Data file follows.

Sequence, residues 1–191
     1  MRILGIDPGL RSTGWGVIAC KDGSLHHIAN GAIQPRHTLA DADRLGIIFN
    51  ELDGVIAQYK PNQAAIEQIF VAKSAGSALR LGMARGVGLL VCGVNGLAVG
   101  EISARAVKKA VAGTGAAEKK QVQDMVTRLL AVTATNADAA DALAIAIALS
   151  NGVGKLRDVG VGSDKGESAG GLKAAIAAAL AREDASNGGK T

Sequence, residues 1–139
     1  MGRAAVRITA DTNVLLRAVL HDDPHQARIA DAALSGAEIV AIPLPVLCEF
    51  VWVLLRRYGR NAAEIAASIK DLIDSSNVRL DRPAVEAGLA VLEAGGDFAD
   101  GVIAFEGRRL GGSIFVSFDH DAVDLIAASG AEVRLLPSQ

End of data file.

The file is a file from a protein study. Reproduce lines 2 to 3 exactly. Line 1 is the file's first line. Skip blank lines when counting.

     1  MRILGIDPGL RSTGWGVIAC KDGSLHHIAN GAIQPRHTLA DADRLGIIFN
    51  ELDGVIAQYK PNQAAIEQIF VAKSAGSALR LGMARGVGLL VCGVNGLAVG